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June 18, 2013

School ignores advice from learning disability experts

Jay Matthews:

Stacie Brockman is the Prince George's County mother of lively twin 9-year-old boys. Her sons were born two months premature. She has done everything possible to deal with the disabilities that often impede the progress of such children.

She took them to the developmental pediatricians at the Kennedy Krieger Institute in Baltimore, one of the top U.S. providers of care for children with learning disabilities. They gave the boys many tests. They diagnosed mixed expressive/receptive language disorder, attention deficit hyperactivity disorder, dysgraphia (a writing disability) and dyslexia (a reading disability).

The doctors told Brockman that her sons need to be in small classes with research-based reading instruction and intensive math and language remediation. As the law requires, administrators at Potomac Landing Elementary School set up an individualized education program (IEP) team, which meets with Brockman.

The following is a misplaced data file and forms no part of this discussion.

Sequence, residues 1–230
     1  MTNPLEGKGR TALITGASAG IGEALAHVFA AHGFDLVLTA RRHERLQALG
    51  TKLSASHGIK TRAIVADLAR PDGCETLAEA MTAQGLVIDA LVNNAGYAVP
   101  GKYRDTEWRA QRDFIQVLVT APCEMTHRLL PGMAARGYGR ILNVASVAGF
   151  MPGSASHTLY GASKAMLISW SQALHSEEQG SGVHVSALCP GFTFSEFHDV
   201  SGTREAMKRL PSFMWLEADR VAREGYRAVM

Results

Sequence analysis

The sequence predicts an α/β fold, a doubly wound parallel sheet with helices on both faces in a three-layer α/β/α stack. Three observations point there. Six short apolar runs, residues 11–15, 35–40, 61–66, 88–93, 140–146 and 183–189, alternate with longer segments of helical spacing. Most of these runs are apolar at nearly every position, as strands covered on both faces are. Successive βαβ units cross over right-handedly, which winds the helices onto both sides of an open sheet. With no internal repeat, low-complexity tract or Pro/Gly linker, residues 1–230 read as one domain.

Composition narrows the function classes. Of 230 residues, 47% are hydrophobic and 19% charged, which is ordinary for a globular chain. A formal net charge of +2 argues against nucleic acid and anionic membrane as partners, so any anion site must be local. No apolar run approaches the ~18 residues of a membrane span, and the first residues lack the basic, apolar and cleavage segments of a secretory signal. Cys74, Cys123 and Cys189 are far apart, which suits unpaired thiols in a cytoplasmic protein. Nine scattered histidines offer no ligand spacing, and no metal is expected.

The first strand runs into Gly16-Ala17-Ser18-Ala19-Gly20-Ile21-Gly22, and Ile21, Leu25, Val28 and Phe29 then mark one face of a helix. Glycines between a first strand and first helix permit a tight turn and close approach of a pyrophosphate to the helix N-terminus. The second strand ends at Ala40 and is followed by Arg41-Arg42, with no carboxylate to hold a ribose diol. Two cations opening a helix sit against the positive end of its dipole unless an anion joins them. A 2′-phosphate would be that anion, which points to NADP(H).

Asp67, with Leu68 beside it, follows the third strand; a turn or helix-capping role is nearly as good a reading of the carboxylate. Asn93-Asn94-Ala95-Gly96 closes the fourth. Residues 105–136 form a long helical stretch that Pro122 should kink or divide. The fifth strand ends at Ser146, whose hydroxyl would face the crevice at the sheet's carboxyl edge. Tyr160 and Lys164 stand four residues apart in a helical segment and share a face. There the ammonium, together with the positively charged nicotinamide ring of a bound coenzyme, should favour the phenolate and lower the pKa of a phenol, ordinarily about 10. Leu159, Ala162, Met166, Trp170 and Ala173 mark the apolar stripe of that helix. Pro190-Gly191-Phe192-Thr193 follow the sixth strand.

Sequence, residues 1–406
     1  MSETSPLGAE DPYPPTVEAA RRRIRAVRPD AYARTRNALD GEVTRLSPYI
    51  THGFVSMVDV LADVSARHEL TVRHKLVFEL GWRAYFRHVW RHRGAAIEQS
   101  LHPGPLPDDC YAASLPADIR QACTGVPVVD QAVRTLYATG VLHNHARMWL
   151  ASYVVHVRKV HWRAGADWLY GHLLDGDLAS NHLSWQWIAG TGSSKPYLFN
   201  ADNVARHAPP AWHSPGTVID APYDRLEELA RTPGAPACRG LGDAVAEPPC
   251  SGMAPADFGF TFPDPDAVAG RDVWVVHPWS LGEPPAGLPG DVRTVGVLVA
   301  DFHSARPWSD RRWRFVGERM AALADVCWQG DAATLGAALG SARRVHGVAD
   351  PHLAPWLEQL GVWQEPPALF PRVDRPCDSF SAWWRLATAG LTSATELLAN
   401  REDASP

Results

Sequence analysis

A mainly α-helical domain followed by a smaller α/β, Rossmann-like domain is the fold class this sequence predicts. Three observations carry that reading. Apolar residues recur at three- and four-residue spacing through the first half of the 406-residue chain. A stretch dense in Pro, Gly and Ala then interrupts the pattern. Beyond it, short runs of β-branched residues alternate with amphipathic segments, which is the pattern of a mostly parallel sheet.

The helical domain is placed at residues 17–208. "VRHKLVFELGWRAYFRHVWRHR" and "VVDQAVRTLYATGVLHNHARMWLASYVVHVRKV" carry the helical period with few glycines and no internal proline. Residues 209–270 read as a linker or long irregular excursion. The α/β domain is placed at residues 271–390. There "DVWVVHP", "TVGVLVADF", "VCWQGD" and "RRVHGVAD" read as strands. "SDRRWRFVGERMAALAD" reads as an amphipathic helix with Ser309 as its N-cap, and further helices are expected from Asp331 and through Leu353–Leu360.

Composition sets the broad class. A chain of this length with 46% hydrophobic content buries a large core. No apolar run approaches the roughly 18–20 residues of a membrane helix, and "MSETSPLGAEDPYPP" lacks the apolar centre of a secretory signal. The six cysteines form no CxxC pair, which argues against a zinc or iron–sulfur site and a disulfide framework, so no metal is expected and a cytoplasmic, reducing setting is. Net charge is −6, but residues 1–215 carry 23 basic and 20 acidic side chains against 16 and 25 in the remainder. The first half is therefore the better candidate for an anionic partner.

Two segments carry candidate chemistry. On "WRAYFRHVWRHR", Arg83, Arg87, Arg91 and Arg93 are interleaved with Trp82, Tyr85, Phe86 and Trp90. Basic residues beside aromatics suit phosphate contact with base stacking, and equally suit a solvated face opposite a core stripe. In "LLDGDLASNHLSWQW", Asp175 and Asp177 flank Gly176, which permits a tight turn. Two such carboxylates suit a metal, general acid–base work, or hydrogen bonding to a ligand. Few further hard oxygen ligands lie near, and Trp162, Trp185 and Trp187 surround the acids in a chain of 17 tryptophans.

As sometimes happens, these meetings have not gone well, Brockman said. Learning disability issues appear to be one of the greatest sources of friction between parents and schools. Brockman's account reveals how clumsy educators can be in communicating to parents what they are doing with their children, and why.

Both boys have IEPs, Brockman said in an e-mail, but the team chairperson dismissed some Kennedy Krieger assessments, "saying that all of KKI's reports say the kids are dysgraphic and dyslexic, thus suggesting that the reports have little or no validity."

Posted by Jim Zellmer at June 18, 2013 1:39 AM
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